Joint reversal eases arthritis

A shoulder-joint implant, with the ball and socket on the opposite bones from nature, can significantly improve the quality of life of patients with severe arthritis and tendon tears, says medical engineer David Ackland from the University of Melbourne.

In a search for a more effective replacement joint, David and his colleagues looked at the counterintuitive ‘reverse’ implant, which was designed and manufactured in the US by Zimmer, Inc. Their tests on the Zimmer implant showed that it stabilises the joint and increases the range of movement of arthritic shoulders. His work is being presented for the first time in public through Fresh Science, a communication boot camp for early career scientists held at the Melbourne Museum last week. David was one of 16 winners from across Australia.

Arthritis and problems to do with muscles, joints and bones disable more people more severely than any other medical conditions, David says. “Many arthritis sufferers have to cope with chronic and debilitating pain and loss of joint function, for which there are very few effective treatments.”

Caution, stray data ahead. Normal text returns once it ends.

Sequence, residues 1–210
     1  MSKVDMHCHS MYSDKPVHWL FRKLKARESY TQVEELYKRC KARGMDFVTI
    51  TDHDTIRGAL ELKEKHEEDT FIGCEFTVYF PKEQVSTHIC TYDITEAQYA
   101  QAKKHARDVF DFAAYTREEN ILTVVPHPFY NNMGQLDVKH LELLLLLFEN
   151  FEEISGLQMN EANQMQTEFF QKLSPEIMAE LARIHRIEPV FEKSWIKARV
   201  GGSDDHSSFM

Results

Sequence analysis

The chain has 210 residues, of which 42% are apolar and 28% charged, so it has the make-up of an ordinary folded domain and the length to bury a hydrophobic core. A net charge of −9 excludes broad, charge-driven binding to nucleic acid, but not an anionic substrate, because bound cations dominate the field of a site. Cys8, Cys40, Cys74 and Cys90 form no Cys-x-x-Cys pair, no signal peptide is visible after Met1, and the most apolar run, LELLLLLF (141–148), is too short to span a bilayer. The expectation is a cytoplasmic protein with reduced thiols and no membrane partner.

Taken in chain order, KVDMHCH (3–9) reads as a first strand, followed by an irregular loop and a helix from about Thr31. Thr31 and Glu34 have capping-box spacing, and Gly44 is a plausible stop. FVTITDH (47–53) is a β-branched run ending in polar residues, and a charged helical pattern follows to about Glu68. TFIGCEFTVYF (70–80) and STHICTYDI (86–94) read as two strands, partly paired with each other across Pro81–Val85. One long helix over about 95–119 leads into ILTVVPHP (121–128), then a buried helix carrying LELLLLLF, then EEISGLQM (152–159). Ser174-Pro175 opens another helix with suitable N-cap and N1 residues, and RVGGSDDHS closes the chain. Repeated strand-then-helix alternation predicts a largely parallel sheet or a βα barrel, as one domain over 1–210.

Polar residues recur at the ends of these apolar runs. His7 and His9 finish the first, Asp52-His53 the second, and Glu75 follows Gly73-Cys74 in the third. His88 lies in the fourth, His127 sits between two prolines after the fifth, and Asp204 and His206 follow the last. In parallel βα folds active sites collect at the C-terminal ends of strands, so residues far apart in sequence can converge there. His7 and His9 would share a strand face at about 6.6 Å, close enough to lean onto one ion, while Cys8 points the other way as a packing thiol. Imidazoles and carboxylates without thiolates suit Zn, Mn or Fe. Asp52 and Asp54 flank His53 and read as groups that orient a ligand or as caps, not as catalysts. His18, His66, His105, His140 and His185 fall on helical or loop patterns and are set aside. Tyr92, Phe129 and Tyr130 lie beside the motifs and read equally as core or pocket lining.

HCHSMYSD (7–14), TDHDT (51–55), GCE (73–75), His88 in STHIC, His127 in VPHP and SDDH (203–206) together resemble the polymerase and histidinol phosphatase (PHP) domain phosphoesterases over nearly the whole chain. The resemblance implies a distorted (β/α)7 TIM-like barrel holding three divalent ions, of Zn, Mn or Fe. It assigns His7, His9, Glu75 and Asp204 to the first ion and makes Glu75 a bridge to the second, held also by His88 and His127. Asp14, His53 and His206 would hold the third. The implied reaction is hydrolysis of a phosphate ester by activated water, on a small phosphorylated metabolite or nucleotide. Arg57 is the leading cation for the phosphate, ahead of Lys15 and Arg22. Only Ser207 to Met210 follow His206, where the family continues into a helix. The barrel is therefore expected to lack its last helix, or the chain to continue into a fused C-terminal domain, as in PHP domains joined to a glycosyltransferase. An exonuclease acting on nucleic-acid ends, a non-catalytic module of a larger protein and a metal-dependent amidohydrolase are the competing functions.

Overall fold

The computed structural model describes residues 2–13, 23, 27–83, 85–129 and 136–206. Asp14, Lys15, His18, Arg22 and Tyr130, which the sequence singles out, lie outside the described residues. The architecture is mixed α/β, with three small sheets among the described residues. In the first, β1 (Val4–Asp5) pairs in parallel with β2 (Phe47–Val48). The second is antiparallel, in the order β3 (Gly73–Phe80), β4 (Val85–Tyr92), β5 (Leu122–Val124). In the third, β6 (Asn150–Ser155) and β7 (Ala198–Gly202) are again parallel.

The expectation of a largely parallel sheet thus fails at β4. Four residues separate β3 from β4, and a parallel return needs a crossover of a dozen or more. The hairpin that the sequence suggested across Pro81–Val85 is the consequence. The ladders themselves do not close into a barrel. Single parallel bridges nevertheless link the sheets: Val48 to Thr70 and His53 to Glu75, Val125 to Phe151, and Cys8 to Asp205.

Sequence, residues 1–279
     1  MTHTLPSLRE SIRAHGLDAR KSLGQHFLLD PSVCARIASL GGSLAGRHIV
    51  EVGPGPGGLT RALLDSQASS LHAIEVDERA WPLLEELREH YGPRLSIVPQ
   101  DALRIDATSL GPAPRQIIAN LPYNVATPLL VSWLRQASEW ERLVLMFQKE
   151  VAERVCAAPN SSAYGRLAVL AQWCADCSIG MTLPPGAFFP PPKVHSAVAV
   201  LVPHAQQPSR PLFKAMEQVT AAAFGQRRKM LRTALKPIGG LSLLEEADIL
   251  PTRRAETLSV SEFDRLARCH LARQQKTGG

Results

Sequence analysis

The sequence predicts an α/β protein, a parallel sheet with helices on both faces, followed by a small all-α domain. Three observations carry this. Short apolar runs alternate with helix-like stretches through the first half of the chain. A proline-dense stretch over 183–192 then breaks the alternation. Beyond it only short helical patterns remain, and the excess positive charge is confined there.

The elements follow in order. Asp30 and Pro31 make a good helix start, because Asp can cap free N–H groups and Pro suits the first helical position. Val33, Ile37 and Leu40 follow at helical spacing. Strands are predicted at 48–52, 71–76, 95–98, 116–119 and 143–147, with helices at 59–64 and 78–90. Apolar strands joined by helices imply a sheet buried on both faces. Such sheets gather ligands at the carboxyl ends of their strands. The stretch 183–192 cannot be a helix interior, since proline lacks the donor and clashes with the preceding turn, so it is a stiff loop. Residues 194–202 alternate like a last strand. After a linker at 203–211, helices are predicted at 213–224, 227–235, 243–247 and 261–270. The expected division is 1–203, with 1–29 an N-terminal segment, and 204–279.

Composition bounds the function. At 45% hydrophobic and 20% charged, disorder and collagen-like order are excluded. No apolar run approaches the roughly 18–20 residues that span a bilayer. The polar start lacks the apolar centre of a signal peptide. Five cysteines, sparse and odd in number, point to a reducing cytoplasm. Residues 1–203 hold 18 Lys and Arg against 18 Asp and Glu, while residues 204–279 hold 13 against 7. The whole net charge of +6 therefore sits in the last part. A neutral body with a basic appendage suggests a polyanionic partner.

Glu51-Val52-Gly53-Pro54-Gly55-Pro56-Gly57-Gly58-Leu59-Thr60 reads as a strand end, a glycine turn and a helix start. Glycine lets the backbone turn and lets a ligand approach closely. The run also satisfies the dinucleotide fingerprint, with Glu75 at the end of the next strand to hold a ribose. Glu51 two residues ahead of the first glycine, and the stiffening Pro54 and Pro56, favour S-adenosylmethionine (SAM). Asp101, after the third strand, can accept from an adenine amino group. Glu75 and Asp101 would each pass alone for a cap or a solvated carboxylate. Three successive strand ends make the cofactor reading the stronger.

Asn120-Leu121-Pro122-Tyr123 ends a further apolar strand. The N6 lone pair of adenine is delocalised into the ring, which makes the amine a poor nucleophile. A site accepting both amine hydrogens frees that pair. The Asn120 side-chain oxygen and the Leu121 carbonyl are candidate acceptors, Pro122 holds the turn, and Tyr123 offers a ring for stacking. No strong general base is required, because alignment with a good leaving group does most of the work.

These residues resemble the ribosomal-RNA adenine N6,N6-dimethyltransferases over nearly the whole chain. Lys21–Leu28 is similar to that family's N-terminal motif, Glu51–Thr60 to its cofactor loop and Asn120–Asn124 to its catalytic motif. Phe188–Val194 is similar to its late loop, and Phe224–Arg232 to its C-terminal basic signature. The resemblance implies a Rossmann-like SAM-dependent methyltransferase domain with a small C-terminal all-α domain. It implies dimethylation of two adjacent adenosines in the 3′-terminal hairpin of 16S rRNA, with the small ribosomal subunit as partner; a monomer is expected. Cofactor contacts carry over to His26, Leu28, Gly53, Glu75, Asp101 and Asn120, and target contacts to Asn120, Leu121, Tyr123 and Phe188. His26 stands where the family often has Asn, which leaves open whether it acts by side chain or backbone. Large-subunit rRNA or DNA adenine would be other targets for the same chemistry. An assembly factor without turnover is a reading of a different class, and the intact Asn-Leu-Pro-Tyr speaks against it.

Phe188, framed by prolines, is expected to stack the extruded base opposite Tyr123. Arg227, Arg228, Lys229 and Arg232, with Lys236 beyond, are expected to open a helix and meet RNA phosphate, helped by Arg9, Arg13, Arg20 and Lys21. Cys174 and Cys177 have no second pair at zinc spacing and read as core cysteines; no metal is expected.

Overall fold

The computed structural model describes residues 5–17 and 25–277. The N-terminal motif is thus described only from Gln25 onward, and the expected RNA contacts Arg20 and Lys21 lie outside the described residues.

David Ackland used a sophisticated rig to test the joint in a multitude of positions (image: David Ackland)

“These new implants increase the leverage of the muscles surrounding the shoulder, and thereby reduce the force required to move the arm. This lowers muscle stresses during everyday tasks such as lifting and pushing, and it also substantially increases the range of motion of the joint.”

After designing and building his own shoulder-testing equipment, David worked with orthopaedic surgeons from Melbourne’s Epworth Hospital who implanted eight of these artificial joints into the shoulders of donated human cadavers. During testing, the shoulders were manipulated to simulate common arm motions, while the properties of the muscles and joints were measured.

Ackland shows off his arm-testing device

    Data from this study is not only helping surgeons to understand the clinical and biomechanical benefits of the shoulder reconstruction, but also has suggested ways in which surgeons can minimise postoperative failure and specific strategies for rehabilitation. David hopes that his research will lead to further improvements in the design of a range of joint replacements for the human body.

    David Ackland is one of 16 early-career scientists releasing their research to the public for the first time thanks to Fresh Science, a national program sponsored by the Australian Government. His challenges have included talking to urban and rural school children and presenting his discoveries in verse at a Melbourne pub.

    For further information, contact David Ackland at

    David Ackland (photo: Mike Coulson)

    David pitching his story (photo: Mike Coulson)

A prosthetic shoulder joint (image: Mike Coulson)